Young people who go into apprenticeships after their A-levels are three times more likely to be happier in their job than those who attended university, according to a new survey.
NotGoingToUni – a website which shows young people their options outside of going to university – spoke with almost 2,700 people, aged between 21 and 30, to find 68 per cent of those who had taken an apprenticeship were fully satisfied in their career. Of the university graduates, only 26 per cent agreed they were fully satisfied.
The main reasons behind graduates not being happy in their careers was that their degrees didn’t give them sufficient preparation and knowledge of their chosen industry (53 per cent), they didn’t have a good working relationship with their employer (41 per cent), and they felt their job was not related to their degree.
Low salary expectations after three years at university (17 per cent), and feeling regrets about going to university in the first place (14 per cent) made up the other reasons as to why graduates were not satisfied in their current roles.
CEO of NotGoingToUni, Sharon Walople, described how the results of the study followed recent figures released by the Office for National Statistics which revealed how more than a quarter of graduates were paid less than the £11.10 average per hour than those on work-based training schemes last year.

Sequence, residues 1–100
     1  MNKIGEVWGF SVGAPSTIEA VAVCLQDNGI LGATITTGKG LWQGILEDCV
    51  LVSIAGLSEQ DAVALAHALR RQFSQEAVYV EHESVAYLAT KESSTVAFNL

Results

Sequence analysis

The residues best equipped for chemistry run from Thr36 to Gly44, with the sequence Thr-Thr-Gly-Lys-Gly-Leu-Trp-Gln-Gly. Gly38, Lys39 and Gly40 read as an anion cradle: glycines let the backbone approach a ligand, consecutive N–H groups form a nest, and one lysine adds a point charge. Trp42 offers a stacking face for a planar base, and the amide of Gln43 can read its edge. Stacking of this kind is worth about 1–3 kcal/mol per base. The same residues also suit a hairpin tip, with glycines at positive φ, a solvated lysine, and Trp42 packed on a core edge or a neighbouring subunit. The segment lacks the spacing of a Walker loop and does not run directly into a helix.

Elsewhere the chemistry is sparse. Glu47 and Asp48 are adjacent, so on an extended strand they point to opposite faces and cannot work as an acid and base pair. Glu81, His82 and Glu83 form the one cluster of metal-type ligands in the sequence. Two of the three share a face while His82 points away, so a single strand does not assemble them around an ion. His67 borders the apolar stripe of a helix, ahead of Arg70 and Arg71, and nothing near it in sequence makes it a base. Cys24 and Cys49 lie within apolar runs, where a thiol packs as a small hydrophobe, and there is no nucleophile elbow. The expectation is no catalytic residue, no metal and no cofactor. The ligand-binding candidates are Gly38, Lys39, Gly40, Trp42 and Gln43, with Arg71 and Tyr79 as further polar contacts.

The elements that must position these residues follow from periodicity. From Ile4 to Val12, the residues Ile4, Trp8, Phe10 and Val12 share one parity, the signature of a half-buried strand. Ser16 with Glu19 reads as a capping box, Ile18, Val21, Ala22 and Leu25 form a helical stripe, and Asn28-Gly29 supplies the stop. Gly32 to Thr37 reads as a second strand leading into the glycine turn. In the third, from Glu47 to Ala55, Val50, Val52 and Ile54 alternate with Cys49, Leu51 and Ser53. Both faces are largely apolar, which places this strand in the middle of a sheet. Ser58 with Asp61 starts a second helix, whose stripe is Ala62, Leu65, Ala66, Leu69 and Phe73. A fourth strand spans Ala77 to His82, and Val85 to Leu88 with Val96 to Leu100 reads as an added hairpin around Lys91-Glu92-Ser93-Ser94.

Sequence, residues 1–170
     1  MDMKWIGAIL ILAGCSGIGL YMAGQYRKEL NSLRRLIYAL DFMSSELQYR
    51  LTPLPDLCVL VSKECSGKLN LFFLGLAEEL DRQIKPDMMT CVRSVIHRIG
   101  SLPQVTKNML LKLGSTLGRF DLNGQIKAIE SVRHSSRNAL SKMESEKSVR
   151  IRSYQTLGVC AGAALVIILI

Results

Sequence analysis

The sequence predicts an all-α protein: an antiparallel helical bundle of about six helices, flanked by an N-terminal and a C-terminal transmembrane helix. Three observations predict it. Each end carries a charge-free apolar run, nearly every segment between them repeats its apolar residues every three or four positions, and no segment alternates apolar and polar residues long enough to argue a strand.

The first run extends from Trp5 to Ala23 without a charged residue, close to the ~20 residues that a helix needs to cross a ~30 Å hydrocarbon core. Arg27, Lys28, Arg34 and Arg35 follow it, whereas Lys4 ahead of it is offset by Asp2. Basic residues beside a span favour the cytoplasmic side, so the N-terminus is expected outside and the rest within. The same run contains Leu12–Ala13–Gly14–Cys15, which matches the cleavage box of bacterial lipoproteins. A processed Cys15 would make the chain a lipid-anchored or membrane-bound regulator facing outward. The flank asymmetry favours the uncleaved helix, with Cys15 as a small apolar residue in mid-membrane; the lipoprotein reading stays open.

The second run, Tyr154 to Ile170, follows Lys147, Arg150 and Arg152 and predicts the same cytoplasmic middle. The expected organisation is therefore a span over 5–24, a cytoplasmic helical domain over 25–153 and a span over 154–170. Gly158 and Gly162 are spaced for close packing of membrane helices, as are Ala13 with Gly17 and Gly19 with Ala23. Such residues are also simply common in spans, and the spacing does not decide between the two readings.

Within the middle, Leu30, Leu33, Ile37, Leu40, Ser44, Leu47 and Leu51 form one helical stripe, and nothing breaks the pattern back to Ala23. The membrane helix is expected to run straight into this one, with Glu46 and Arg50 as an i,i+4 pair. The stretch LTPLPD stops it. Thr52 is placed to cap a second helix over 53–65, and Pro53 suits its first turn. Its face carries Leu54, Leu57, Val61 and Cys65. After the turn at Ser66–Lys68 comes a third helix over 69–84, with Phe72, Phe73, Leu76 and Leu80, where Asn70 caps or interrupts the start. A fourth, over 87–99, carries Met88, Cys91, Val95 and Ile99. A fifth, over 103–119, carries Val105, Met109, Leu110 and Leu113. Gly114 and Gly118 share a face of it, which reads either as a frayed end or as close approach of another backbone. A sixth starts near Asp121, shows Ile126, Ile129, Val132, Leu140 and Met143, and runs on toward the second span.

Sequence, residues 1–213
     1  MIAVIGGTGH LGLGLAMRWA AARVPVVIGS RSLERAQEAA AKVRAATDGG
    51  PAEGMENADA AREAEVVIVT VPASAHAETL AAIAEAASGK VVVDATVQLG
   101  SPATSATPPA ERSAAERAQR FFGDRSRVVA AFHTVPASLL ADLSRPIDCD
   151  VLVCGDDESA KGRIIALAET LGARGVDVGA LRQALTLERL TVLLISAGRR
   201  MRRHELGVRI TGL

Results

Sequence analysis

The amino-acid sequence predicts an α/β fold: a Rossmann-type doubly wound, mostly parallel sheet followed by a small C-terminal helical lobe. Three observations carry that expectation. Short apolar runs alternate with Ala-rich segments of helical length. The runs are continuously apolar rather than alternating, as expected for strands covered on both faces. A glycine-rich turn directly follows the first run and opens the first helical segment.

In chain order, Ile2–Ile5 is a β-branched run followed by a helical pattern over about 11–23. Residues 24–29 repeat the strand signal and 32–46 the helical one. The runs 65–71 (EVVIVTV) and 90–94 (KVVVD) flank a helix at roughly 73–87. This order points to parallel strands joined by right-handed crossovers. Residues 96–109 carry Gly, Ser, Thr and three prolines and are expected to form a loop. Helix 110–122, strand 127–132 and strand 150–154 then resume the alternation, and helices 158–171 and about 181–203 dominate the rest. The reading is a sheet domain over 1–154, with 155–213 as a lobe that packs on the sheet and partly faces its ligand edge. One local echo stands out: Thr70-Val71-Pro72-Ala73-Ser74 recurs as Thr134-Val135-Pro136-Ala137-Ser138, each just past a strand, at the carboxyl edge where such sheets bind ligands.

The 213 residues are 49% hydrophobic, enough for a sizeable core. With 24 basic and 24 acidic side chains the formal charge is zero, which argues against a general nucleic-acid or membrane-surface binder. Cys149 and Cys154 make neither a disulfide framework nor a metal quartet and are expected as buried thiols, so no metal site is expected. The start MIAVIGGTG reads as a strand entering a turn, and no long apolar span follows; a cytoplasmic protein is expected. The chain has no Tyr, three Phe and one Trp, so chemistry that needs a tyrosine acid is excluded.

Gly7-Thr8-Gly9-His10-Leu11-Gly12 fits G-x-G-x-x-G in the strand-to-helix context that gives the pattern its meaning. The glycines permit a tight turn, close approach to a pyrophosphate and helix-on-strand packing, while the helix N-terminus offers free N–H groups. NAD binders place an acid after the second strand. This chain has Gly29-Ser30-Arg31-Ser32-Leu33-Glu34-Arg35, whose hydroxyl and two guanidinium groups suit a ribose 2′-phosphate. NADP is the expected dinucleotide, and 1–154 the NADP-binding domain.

This, she said, indicated a shift in the earning potential of graduates, compared with those who chose alternative routes.
Ms Walople added: “Our study aimed to look less into the financial aspects and find out if there was a correlation between this statistic and the difference in satisfaction levels.
“It certainly seems university doesn’t make for a happier individual, and perhaps points towards the fact many graduates leave higher education with unrealistic expectations of what their degree can offer them in terms of career opportunities.”
NotGoingToUni’s results have come shortly after a National Careers Service study for the Government found 89 per cent of apprentices were satisfied with their apprenticeship, and 85 per cent said their ability to do the job had improved. A further 83 per cent of apprentices felt their career prospects had improved.Reuse content